YouTube Really Wants People To Use Its TikTok Clone, Shorts

YouTube Really Wants People To Use Its TikTok Clone, Shorts
Image: YouTube Shorts logo

While most of the social media news this week was dedicated to Instagram and its terrible, horrible, no good and very bad updates, YouTube has just pushed out an update for its “Shorts” service, another TikTok clone. Obviously, there’s less controversy around it.

Yup, Instagram Reels isn’t the only TikTok clone. Actually, Google has been quite proud of YouTube Shorts, having just last month claimed that the service racks up 1.5 billion monthly users (that’s pretty darn similar to TikTok itself).

So what do you do when you’re hitting big numbers? You commit to the bit.

From today, YouTube creators will be able to create shorts out of their non-shorts videos. You know, the actual videos on YouTube. On the official blog post for the announcement, YouTube refers to these as “long-form” videos.

“You can now convert up to 60 seconds from your own existing long-form YouTube videos and turn them into Shorts using all the same editing tools that you know and love (text, timeline editor, filters, etc),” the blog post reads.

“If you select a part of your video that is less than 60 seconds, you can shoot additional videos with the Shorts camera as well as upload more videos from your gallery to make 60 second Shorts if need be.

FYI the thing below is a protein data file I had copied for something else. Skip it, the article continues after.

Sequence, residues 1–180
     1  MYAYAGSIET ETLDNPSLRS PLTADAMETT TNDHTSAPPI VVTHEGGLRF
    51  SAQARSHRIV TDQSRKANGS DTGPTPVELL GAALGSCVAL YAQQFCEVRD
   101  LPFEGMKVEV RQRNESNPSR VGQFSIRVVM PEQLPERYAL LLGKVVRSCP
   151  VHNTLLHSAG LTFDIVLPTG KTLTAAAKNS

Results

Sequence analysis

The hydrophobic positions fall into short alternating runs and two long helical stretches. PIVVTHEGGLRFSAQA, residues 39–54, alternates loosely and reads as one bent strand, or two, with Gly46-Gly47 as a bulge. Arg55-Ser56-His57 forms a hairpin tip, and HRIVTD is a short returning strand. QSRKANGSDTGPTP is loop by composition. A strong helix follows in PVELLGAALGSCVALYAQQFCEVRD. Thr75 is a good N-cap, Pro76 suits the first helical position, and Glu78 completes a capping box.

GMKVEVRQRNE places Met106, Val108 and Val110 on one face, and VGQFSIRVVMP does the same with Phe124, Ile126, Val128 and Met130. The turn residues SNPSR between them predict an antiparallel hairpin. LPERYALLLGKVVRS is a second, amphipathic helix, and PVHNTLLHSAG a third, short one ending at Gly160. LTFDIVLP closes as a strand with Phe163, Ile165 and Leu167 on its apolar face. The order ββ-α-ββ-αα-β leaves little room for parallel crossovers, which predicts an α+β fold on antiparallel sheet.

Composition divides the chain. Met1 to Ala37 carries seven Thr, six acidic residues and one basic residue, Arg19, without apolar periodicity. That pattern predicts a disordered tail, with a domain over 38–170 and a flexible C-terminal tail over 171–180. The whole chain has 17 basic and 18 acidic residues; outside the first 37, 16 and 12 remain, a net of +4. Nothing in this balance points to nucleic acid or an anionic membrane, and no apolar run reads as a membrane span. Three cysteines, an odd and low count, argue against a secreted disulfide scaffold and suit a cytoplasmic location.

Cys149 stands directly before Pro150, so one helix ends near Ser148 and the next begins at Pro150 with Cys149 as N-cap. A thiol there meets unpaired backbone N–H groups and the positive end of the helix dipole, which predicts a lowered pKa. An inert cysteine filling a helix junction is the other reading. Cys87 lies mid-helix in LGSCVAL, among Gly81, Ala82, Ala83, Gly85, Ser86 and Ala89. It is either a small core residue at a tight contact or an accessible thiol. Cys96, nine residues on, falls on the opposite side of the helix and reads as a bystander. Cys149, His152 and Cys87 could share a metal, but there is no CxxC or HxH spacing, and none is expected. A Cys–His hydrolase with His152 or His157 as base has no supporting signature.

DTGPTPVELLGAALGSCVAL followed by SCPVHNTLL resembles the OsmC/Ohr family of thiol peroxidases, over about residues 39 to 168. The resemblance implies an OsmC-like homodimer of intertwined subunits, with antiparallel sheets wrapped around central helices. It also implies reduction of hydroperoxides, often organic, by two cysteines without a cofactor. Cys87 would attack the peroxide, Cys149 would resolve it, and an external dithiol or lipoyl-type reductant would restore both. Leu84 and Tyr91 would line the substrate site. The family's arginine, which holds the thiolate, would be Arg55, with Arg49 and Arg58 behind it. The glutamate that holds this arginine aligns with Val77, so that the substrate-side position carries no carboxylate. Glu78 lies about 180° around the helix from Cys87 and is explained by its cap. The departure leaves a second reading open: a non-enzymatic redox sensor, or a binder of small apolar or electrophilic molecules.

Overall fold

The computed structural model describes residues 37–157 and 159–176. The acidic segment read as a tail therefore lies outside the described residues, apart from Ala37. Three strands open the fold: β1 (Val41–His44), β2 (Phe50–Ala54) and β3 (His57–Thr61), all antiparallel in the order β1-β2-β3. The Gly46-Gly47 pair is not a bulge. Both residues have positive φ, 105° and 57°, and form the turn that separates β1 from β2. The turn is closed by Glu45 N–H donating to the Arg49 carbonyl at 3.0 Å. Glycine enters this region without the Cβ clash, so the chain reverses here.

“Shorts created from [videos] will link back to the original long-form videos so that people watching your Short can see the original video too. Importantly, only you as the original creator will be able to import your long-form videos into Shorts as this tool is not available for other creators to use on your content.”

I suppose with that last quote it’s worth specifying how YouTube Shorts differs from TikTok, or even Instagram Reels.

How is YouTube Shorts different from TikTok?

YouTube Shorts at the moment currently exists mostly as another way for creators to reach their audience. YouTube is an uncontested juggernaut in the online videos space: even Twitch streamers, whose audiences are mostly concentrated on Twitch, often use YouTube to store “VODs” of their streams, letting you watch them after they’ve gone live. Often, content creators will upload edited versions of their streams, shortened down to YouTube-friendly lengths.

YouTube Shorts is, in a way, an extension of this ecosystem. If you’re a content creator that uses a YouTube channel, be it a primary or secondary platform for your reach, you can create YouTube Shorts to cut down your videos into much shorter and mobile-friendly clips.

They’re not perfect, and it’s obvious that YouTube is coming for TikTok’s lunch with this, but at the same time, it’s not a terrible service or idea. It hasn’t had the same hate flung at it as Instagram Reels, but that’s mostly because it actually serves a valuable purpose. Instagram Reels, on the other hand, is largely forcing its users to pivot to video, which is a bit difficult when your sales pitch for the past decade has revolved around photos.

You can watch YouTube Shorts through the apps on iOS and Android, or by clicking the “Shorts” tab on the side of the YouTube webpage.

This feature is now rolling out across devices.